For the purpose of secure communications, elliptic curves may be used for implementations of the publickey infrastructure (PKI). In such a scenario, two networkconnected nodes (such as a client and a server) know a common elliptic curve and a base point. The two nodes perform a “key exchange”. This may be done to accomplish a secure communications channel, for example, when deciding on a secret key to use for a “block cipher.”
Typically, in order to accomplish a key exchange between two such nodes, each node selects an apparently random and extraordinarily large power. Each node raises the (shared) base point g to its selected power. The results are exchanged and each node raises the other node's result to its own large power. Suppose one node chooses m as its large power and the other chooses n. Due to the group identity (g^{m})^{n}=g^{mn}=(g^{n})^{m}, both nodes know g^{mn}, which can serve as a common key. Although the data being exchanged (g^{m }and g^{m}) are exposed along the communications path, the ultimate results (g^{mn}) are secure because only the nodes know which “large powers” (m and n) have been used.
Koblitz Curves
One special case of elliptic curves is Koblitz curves. These curves are defined over a subfield, which means the coefficients of the defining equation are in a small subfield of a large field, but the group used for the cryptosystem is the group of points over the larger field. The term Koblitz curves usually refers to curves defined over the binary field of two elements, and they are also called anomalous binary curves. These curves appear in standards documents such as FIPS186 below.
The following references discuss elliptic curves (and/or Koblitz curves) particularly with respect to exponentiation:

 [FIPS186] “Recommended Elliptic Curves for Federal Government Use”, in Appendix 6 to FIPS 1862 “Digital Signature Standard (DSS), 2000 Jan. 2000. (Search at http:/csrc.nist.gov/encryption).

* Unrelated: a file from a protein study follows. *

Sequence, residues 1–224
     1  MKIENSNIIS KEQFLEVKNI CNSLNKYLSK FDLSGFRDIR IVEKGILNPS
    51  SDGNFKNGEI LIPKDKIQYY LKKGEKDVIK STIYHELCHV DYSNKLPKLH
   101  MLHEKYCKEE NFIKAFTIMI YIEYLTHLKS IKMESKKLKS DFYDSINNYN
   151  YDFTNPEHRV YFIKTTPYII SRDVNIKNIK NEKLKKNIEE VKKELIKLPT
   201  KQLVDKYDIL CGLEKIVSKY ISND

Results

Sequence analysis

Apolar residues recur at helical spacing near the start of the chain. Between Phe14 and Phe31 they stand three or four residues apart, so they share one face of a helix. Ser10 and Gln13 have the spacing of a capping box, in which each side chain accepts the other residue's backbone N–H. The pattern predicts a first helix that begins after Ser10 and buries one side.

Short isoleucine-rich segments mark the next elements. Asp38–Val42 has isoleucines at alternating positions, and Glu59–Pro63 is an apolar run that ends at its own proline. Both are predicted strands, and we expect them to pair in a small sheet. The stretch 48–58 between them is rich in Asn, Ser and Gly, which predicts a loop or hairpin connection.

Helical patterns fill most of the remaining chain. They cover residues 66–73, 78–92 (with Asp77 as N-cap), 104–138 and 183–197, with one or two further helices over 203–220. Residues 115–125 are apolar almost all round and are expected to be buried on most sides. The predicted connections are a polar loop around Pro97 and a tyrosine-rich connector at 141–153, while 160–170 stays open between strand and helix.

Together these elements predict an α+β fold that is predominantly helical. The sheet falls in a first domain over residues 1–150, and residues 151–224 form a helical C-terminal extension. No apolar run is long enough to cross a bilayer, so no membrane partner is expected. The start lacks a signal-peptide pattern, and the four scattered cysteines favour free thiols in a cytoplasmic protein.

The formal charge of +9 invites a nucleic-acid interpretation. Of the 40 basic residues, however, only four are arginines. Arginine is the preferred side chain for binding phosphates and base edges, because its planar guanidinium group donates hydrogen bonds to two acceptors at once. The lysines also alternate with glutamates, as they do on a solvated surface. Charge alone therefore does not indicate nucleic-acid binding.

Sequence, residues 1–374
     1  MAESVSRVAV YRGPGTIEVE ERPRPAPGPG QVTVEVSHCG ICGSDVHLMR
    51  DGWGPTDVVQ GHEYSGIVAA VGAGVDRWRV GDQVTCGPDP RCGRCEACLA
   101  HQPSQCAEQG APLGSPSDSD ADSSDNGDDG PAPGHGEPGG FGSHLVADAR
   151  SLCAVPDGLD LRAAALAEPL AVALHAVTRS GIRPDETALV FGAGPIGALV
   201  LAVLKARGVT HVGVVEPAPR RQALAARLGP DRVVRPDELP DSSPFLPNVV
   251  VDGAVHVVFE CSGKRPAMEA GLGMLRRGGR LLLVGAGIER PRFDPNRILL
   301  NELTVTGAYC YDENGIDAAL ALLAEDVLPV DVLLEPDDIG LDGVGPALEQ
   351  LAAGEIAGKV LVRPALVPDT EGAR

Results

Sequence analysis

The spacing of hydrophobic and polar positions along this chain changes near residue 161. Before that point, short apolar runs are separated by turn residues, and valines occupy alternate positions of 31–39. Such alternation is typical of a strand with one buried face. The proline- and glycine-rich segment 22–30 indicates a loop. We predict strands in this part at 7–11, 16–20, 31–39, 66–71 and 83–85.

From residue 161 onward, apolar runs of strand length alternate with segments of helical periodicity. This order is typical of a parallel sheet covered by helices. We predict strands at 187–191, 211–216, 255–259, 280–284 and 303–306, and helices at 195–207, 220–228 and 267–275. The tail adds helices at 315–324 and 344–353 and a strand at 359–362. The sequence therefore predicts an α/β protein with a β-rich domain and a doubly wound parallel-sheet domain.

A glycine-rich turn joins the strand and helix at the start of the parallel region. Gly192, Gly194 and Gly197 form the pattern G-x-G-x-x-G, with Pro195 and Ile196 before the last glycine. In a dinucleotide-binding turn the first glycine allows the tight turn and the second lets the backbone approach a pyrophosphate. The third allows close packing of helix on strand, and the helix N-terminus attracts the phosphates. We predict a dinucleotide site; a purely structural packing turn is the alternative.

[SOLINAS] Jerome A. Solinas, “Efficient Implementation of Koblitz Curves and Generalized Mersenne Arithmetic”. Presented at the 3^{rd }Workshop on Elliptic Curve Cryptography (ECC1999), held in Waterloo, Ontario, Canada, Nov. 1–3, 1999. For slides, go to http://cacr.math.uwaterloo.ca—select conferences.
The Challenge of Fast Exponentiation
Accordingly, it is a challenge to increase the speed and efficiency cryptography for secure communications, such as that within the PKI. Furthermore, it is a challenge to maximize the speed and security of fast exponentiation while minimizing its expense. Further still, it is a challenge to employ elliptic curves with a fast exponentiation technique so that it maximizes speed and security while minimizing expense.
Described herein is a technology for improving implementation of cryptographic protocols.
At least one implementation, described herein, maximizes the speed and security of fast exponentiation while minimizing its expense. At least one implementation, described herein, employs elliptic curves with a fast exponentiation technique so that it maximizes speed and security while minimizing expense. At least one implementation, described herein, employs Koblitz exponentiation with “bucketing” techniques to maximize speed and security of cryptosystems while minimizing expense of such techniques.